What is Osteopathy? What should I bring to my first consultation? How much does it cost? All of these questions and more answered below.
Osteopaths are allied health professionals that offer patient-centred approaches to
healthcare and functional improvement which recognise the vital link between the
structure of the body and the way it functions. Osteopaths focus on how the
skeleton, joints, muscles, nerves, circulation, connective tissue and internal organs
function as a holistic unit.
In Australia, osteopaths are government registered practitioners who complete
minimum accredited university training in anatomy, physiology, pathology, general
healthcare diagnosis, and osteopathic techniques.
Osteopathic medicine is based on the following principles. These direct the
osteopathic diagnosis and treatment.
- The body is a unit, and the person represents a combination of
body, mind and spirit.
- The body is capable of self-regulation, self-healing and health
- Structure and function are reciprocally interrelated.
- Rational treatment is based on an understanding of these principles:
body unity, self-regulation, and the interrelationship of structure and
My First Consultation
Your osteopath will ask questions about your problem and symptoms. They may also ask about your health history, any medications you are taking, as well as factors that may not appear to be directly related to your problem. If your health condition changes between osteopathic consultations you should tell your osteopath at your next consultation.
Osteopathic assessment involving clinical tests. This may involve diagnostic, orthopaedic or neurological tests, postural assessments, movement and functional assessments. Some assessments involve the osteopath observing you while you undertake an activity or perform a sequence of movements. Assessments may also include passive and active movements – where the osteopath manually lifts your arms or legs or applies resistance while you perform a stretch or movement.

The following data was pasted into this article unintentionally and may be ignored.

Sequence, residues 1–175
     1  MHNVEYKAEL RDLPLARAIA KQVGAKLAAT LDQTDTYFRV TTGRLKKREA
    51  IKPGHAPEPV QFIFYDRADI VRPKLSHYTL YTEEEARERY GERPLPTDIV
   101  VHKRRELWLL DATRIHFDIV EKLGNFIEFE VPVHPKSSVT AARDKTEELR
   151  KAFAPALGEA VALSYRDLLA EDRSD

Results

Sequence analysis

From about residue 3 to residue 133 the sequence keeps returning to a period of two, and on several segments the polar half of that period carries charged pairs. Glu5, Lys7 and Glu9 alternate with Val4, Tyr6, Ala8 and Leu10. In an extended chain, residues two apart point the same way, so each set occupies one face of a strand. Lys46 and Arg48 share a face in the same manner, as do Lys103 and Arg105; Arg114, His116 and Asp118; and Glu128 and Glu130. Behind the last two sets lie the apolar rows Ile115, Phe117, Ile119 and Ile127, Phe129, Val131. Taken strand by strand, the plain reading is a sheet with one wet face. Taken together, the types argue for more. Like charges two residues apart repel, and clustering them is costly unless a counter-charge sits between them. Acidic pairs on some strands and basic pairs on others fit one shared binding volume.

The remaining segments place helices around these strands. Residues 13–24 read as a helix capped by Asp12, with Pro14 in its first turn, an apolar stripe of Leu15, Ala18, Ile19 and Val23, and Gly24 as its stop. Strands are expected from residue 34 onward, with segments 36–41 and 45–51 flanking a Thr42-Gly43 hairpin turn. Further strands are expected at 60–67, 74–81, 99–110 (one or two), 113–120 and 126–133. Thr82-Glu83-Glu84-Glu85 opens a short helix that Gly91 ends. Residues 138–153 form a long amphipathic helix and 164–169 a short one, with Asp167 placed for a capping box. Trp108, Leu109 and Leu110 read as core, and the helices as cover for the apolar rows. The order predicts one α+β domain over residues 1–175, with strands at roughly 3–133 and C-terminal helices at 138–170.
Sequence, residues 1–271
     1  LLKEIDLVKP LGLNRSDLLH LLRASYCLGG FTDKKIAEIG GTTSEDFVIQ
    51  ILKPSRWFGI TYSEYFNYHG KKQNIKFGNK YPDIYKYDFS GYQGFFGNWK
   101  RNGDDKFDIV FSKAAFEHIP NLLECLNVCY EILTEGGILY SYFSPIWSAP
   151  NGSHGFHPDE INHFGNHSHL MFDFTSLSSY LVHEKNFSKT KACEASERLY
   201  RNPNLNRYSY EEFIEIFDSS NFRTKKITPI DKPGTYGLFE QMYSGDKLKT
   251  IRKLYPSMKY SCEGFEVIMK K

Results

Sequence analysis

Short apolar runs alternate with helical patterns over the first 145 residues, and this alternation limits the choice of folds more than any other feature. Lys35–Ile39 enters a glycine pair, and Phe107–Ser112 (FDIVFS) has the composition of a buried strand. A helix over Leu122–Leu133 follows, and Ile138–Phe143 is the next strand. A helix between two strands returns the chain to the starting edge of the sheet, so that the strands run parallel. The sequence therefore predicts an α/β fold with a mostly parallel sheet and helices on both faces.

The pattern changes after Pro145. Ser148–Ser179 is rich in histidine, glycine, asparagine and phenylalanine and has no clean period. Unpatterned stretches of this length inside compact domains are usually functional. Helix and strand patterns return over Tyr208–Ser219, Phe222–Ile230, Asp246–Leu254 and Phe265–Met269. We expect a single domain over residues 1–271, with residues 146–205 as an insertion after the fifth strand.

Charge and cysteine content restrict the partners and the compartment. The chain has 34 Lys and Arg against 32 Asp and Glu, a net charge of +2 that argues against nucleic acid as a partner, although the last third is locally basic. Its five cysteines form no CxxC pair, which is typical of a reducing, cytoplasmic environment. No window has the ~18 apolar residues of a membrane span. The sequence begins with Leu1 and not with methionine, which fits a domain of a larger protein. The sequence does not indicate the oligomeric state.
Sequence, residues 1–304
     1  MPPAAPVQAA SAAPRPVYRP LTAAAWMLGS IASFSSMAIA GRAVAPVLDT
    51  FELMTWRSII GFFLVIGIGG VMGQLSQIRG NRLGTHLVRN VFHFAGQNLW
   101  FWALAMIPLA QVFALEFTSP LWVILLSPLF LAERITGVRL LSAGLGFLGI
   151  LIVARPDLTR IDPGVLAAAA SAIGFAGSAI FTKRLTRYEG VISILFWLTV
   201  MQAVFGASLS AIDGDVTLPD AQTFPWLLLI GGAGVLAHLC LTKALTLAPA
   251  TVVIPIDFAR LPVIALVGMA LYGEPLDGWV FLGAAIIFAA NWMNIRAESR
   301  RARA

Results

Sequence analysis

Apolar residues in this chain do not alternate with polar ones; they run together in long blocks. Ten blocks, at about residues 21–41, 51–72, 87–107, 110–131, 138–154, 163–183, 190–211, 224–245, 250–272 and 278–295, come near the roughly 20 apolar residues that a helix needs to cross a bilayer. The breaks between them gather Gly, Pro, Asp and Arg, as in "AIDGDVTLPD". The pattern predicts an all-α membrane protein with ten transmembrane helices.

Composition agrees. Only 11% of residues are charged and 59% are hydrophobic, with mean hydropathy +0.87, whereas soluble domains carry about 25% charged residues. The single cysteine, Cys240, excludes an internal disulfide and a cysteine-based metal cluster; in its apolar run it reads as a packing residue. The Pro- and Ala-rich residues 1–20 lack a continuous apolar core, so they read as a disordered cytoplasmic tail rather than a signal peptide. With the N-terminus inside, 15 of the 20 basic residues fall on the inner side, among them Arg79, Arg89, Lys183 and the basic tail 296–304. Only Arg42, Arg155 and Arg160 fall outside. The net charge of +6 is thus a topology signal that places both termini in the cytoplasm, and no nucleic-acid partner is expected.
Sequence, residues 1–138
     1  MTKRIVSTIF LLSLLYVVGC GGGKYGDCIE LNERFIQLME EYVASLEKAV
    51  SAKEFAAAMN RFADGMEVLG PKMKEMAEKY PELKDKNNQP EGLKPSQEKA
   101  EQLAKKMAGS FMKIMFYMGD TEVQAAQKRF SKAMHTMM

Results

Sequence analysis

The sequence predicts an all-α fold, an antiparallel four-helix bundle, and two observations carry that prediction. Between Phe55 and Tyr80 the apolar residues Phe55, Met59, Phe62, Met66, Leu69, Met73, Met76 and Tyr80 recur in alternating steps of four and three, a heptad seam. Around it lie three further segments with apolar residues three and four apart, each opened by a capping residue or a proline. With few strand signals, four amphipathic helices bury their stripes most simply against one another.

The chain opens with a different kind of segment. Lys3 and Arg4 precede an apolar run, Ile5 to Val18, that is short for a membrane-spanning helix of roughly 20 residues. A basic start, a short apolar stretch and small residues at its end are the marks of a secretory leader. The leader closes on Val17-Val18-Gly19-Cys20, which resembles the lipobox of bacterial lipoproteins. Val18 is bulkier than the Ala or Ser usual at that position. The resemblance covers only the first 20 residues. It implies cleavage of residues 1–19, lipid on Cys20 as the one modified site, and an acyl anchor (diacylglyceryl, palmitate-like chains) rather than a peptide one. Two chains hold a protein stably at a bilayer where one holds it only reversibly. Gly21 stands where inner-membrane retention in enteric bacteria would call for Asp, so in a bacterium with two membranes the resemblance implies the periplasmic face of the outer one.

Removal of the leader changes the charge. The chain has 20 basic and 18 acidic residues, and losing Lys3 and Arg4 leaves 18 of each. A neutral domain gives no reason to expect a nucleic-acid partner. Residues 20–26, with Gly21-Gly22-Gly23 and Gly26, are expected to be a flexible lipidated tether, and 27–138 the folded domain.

Osteopathy takes a holistic approach to treatment, so your practitioner may look at other parts of your body, as well as the area that is troubling you. For example, if you have a sore knee, your osteopath may also look at your ankle, pelvis and back.
Your osteopath may also provide education and advice to help you manage your condition between appointments. This may include giving you exercises to do at home or work.
It is advisable to arrive a little early for your first appointment, as you will need to fill out some paperwork.
You will probably be asked to sign a general consent form, but you will have the
opportunity to consider and consent (or not) to specific treatment in the consultation.
Many patients are referred to osteopaths by their doctors, other health practitioners
or personal trainers. However, as osteopaths are primary care practitioners, you can
make an appointment directly without a referral.
Bring along any X-rays, scans or test results that you may have. Depending on the
area of your body requiring examination, your osteopath may ask you to undress to
your underwear (you will be provided with a clean gown to wear). It is important that
you feel comfortable, so you may want to bring a pair of stretchy gym shorts to
change into. You may bring a chaperone if you wish. Plan to attend along with your
child if your child is the patient.
Osteopathy combines hands on manual therapy with exercise programming, dry
needling, other interventions like equipment prescription and movement advice when
clinically indicated. Hands-on treatment may include massage, stretching, repetitive
movements, mobilisation and/or manipulation.
If your injuries require hands-on treatment of painful and tender areas, your